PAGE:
Millennials are opinionated and entitled. Thank goodness for that.
Headmaster Douglas Robb reignited a perennial debate last week about millennials in a blog entitled Develop grit, and a more grateful attitude to work.
Radio 4’s Today programme picked up the story. Robb told listeners he recently interviewed a young teacher for a job at his prestigious Norfolk boarding school. The interview was going well – the candidate was bright and articulate. At the end of the interview, in customary fashion, Robb asked the applicant if he had any questions. “I was expecting him to ask how he could get stuck in a
nd get the most from the opportunity. Instead, the candidate asked: ‘Why should I come to work for you?’ My response was, ‘You won’t be!’ ”
Robb’s believes some youngsters approach job interviews in the same way they might buy a luxury holiday. They are unrealistic about their own abilities. They overestimate their worth and underestimate the sheer hard work, commitment, passion and determination it takes to climb a career ladder one rung at a time.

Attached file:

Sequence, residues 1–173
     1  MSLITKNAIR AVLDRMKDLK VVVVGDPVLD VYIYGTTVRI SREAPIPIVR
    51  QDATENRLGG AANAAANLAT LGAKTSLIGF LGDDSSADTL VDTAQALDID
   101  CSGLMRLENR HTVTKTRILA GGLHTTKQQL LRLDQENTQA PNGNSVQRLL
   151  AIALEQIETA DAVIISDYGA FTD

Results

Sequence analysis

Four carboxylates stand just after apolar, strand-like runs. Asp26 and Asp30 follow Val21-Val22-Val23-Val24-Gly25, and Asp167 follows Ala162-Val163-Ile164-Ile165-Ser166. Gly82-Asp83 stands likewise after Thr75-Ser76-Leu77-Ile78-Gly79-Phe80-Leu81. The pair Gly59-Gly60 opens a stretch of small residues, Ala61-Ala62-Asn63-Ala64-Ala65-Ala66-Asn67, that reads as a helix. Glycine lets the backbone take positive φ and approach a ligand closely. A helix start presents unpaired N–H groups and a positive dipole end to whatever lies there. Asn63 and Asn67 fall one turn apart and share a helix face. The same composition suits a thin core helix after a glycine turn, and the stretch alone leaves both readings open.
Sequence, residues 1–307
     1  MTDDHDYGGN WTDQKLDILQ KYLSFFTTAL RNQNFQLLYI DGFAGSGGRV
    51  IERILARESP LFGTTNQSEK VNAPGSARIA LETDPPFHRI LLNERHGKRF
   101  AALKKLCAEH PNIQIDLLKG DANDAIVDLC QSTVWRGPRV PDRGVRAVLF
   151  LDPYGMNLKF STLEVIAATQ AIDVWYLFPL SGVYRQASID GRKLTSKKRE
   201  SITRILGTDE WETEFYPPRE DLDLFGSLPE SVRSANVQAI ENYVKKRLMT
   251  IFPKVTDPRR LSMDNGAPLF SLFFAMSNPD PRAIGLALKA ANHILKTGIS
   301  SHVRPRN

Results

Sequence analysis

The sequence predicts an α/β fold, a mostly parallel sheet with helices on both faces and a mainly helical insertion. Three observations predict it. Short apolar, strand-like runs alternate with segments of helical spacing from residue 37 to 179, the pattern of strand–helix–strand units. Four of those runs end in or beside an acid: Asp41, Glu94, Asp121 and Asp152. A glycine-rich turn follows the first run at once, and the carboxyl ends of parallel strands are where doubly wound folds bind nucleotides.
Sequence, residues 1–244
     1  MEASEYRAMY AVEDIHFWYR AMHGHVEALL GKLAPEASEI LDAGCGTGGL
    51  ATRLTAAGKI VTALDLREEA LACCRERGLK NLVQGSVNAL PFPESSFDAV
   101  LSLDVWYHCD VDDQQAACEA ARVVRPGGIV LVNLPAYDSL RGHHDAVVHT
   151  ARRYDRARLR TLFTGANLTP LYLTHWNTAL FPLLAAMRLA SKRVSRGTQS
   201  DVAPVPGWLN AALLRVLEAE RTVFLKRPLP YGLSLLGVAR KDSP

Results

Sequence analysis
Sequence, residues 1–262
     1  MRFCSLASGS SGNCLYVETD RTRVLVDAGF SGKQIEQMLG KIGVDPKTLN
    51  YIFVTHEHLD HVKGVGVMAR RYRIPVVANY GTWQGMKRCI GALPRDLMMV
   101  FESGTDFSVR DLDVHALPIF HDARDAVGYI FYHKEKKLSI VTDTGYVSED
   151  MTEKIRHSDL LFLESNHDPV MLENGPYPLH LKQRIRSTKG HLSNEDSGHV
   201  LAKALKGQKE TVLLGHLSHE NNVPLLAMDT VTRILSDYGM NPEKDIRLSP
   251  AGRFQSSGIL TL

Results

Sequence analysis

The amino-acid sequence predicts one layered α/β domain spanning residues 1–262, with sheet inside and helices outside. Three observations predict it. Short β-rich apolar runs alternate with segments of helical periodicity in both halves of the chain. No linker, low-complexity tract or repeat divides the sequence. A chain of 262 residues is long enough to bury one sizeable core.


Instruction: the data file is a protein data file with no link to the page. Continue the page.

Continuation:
I have some sympathy for Robb. There have been many occasions when a young employee has openly challenged the way I run the company. They are not inhibited by my seniority or chastened by their lack of experience. They have an opinion to impart, which they believe is valid and worthy of consideration.
Admittedly, I sometimes bite my tongue. It would be all too easy to shut down these exchanges – How dare you have the audacity to question three decades of hard won experience! But that wouldn’t benefit anyone.
As the decades pass, I need reminding not to slip into complacency or a feeling of omnipotence. We all need reminding that society moves forward thanks to the fearless, the overly idealistic and yes, even the naively confident.
AB’s founder, Anthony Buckley (yes, that’s where we get our name) left his job in print publishing to set up the UK’s first agency dedicated to employee communications. The year was 1964. This was 26 years before William Kahn
coined the term ‘employee engagement’. It was long before internal communications became recognised as a discrete profession and business function. When your company is founded on a bold, audacious idea, you cannot help but encourage more of them.
There are testing times facing future generations. The world needs a movement of youngsters unafraid to question and demand better.